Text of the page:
A retainer is a dental appliance that prevents your teeth from moving after removing the braces. Retainers take at least four to six months for your teeth’s new position to become permanent. During this time, your teeth will attempt to return to their original position, known as relapse. A retainer, when used as directed, prevents this from happening.
Retainers are classified into two types: removable and permanent. Your orthodontist may advise you on one type, or you may recommend a removable retainer for your upper teeth and a permanent retainer for your lower teeth. Knowing the Pros and cons of Permanent and removable retainers is essential to deciding which is better for you. Moreover, your orthodontist will advise you on the best type based on your needs and any medical conditions you may have.
Pros and cons of Permanent and Removable Retainers
Pros of Permanent Retainers
- Because you don’t have to put it on and take it off, keeping your teeth in place after your braces come off is more uncomplicated.
- No one else knows you have retainers as it’s bonded behind your teeth.
- It does not affect your speaking ability.
- Losing permanent retainers is impossible because it’s firmly attached with dental glue.
- Permanent retainers do not get damaged from the daily use of your mouth.
- Because the permanent retainer is always in place, it keeps your teeth in place and helps to keep them aligned.
Cons of Permanent Retainers
- The procedure for attaching a permanent retainer can be time-consuming and unpleasant. A retainer can sometimes take up to an hour to bond to your teeth.
- Brushing and flossing around a permanent retainer is more complicated. If you do not correctly clean around your permanent retainer, your risk of cavities and gum disease increases.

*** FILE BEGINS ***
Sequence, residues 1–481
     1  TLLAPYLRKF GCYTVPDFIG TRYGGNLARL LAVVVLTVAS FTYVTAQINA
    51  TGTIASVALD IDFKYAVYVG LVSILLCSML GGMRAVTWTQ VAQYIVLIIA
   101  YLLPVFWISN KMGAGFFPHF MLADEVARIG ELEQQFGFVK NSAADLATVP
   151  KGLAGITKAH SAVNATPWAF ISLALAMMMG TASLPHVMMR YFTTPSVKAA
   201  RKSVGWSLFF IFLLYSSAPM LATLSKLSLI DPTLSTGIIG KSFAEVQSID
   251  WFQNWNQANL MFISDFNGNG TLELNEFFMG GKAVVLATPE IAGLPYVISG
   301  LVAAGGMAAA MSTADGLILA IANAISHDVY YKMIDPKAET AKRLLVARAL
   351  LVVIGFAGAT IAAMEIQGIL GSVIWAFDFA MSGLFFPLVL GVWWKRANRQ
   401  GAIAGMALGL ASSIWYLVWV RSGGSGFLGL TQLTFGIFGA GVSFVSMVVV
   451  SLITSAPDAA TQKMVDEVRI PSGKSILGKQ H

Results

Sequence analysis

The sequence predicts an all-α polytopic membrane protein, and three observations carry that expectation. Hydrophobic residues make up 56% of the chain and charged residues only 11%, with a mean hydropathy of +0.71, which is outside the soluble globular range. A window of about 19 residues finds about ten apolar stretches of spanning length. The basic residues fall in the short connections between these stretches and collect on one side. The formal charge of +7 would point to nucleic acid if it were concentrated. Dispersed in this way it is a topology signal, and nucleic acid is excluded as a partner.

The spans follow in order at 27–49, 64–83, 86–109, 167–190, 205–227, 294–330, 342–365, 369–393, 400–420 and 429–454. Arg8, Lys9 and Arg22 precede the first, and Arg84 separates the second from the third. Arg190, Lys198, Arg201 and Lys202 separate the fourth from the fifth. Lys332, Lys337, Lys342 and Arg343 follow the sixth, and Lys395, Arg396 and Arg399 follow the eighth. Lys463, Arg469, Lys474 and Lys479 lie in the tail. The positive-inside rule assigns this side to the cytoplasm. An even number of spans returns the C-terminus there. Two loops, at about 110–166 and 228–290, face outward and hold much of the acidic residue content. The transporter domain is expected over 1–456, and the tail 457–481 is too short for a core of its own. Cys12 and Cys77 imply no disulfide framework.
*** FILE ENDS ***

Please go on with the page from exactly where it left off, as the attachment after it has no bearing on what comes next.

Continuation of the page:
- It can be uncomfortable to have a metal object in your mouth constantly. Your tongue may come into contact with the wire. If the bond or wire snaps, your tongue may become irritated or scratched.
- Consuming certain foods may alter their effectiveness. Biting into hard foods, such as an entire apple or a tough steak, can cause the wire to bend out of shape. Foods containing artificial sugars or similar additives like a soda can wear away the bonding material.
- The wire could break or debone, necessitating repair or replacement. To have a new one made, you may have to pay a replacement fee.
Pros of Removable Retainers
- You can remove these retainers whenever you want, such as while eating or brushing your teeth.
- You can easily clean them in one of the many cleaning solutions available on the market. Moreover, it is crucial to clean them as bacteria can quickly accumulate on removable plastic retainers.
- Flossing is easier because you can remove the retainer.
- Because lower teeth can bite on an upper fixed retainer, removable retainers may be preferable for upper teeth.
Cons of Removable Retainers
- You can easily lose removable retainers, especially if they’re not kept in a case.
- They are easily damaged if they are left lying around.
- They can cause excessive salivation.
- Bacteria can live and grow on them.
The most severe issue with removable retainers is that relapse is common. This is because people may lose their retainer and not replace it, or they may not wear their retainer as frequently as recommended. It can’t do its job when you don’t wear it, and your teeth will try to revert to their original position.
Each retainer type has advantages and disadvantages. Your orthodontist recommends the best type based on your teeth and the reason you need braces. But don’t forget to consider your aesthetic preferences and the amount of time and effort you’re willing to put into them. Because you will most likely be using and maintaining your retainer for many months or years, you must have the type of retainer that works best for you and that you use as directed.
This media/content or any other on this website does not prescribe, recommend, or prevent any treatment or procedure. Therefore, we highly recommend that you get the advice of a qualified dentist or other medical practitioners regarding your specific dental condition